Athens, Ga. -- A University of Georgia study has found that three-quarters of people prescribed antidepressant drugs receive the medications for a reason not approved by the federal Food and Drug Administration.
This practice, known as off-label prescribing, is legal and intended to give physicians the flexibility to prescribe the drugs that are best suited to their patients' needs. And while study authors Dr. Hua Chen and Jack Fincham acknowledged that there are legitimate uses for off-label prescribing, they said that in many cases physicians write off-label prescriptions based on limited or anecdotal evidence.
"Most off-label drug mentions have little or no scientific support," said study co-author Jack Fincham, A.W. Jowdy Professor of Pharmacy Care at the University of Georgia College of Pharmacy. "And when I say most, it's like 70 to 75 percent. Many patients have no idea that this goes on and just assume that the physician is writing a prescription for their indication."
The study, published in the June issue of the Journal of Clinical Psychiatry, examined rates of off-label prescribing for drugs that act on the central nervous system. The researchers found that 75 percent of antidepressant recipients, 80 percent of anticonvulsant recipients and 64 percent of antipsychotic recipients received at least one of these medications off-label.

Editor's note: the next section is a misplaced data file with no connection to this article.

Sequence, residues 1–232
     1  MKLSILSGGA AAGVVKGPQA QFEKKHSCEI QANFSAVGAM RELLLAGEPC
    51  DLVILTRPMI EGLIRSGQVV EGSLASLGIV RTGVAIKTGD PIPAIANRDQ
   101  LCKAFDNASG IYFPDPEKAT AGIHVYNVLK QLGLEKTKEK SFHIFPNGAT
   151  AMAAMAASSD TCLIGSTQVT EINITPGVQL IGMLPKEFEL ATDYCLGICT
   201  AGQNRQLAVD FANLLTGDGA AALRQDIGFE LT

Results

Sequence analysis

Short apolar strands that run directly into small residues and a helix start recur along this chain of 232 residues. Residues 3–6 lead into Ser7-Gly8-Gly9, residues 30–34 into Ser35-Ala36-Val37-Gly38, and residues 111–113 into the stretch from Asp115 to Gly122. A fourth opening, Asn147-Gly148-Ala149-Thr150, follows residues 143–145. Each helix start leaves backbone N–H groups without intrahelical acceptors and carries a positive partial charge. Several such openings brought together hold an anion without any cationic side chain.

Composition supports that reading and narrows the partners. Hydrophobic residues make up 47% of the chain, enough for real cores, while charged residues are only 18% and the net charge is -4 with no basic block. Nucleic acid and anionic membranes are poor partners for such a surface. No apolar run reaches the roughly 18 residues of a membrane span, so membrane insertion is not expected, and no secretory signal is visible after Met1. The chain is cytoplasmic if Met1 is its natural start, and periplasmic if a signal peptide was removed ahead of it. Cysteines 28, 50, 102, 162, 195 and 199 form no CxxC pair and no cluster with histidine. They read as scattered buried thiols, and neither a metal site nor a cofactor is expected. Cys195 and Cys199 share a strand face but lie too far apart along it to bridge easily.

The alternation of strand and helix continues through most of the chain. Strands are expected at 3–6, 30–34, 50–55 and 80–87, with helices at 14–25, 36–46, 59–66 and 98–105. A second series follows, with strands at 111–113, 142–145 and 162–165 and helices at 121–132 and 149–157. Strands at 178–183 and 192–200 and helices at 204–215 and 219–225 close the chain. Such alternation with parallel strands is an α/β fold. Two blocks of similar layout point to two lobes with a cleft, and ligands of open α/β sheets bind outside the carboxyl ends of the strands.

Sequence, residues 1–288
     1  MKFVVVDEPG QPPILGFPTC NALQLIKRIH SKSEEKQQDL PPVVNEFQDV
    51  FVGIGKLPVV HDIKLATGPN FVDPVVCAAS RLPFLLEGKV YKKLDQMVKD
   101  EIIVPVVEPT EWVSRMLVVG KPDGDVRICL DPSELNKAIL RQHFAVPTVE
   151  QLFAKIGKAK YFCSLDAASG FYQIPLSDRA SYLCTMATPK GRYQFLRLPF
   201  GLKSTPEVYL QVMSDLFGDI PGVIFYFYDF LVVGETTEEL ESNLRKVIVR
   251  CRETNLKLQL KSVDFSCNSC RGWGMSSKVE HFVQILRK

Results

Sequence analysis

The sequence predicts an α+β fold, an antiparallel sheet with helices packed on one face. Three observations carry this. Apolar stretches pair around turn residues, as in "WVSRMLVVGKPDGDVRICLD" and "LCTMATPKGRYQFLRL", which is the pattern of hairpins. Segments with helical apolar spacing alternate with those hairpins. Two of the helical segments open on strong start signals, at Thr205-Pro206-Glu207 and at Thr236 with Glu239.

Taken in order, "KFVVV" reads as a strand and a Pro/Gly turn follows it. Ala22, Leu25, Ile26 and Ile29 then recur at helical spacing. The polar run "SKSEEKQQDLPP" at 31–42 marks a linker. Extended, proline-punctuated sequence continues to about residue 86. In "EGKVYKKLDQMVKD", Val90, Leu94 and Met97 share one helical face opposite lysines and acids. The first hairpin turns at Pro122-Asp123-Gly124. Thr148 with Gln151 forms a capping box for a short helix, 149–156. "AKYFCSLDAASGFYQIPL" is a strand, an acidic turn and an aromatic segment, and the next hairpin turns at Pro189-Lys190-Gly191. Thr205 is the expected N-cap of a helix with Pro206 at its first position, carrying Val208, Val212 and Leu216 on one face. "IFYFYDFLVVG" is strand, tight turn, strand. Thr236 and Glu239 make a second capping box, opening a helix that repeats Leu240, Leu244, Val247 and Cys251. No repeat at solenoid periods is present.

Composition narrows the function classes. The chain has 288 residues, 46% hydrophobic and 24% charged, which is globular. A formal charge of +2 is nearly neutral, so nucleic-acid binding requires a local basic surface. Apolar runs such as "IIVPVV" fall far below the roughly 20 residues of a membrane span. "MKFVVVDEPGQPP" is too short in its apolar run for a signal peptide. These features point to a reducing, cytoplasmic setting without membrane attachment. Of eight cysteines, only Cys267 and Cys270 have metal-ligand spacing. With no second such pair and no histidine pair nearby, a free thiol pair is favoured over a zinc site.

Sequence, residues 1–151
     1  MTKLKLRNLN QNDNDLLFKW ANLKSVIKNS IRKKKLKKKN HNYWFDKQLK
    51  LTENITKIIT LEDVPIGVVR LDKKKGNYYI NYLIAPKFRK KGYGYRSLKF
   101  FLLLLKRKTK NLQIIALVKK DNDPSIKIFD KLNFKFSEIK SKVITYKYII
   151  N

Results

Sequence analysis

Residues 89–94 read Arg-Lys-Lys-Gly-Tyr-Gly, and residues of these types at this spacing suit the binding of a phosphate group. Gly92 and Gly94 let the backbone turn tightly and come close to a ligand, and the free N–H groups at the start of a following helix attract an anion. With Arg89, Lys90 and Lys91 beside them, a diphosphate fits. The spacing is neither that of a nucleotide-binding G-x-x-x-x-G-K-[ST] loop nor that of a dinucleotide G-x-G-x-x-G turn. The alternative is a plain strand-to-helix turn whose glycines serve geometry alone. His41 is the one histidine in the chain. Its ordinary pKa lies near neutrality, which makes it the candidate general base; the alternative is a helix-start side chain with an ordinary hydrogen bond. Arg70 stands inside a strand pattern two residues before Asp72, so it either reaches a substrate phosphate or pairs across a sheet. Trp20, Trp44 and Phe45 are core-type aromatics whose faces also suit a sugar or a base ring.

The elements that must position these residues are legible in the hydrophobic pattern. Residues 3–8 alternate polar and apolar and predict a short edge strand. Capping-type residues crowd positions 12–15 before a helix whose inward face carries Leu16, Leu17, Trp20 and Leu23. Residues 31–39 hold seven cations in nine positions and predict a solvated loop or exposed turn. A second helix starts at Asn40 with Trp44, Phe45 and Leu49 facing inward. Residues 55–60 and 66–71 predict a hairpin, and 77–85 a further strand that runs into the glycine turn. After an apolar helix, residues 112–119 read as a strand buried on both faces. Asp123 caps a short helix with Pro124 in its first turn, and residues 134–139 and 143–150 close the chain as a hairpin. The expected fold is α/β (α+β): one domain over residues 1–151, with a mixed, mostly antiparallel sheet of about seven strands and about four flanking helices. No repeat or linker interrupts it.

Chen, an assistant professor at the University of Houston who lead the study when she was a doctoral student at UGA, said the findings reveal a significant gap in the nation's drug safety system. The FDA approval process is widely regarded as the world's most rigorous, but off-label prescribing regularly exposes consumers to drugs that are untested for their condition.
"There's a big gap between this very strict approval process and this very liberal utilization practice," Chen said. "Something must be done to fill this gap."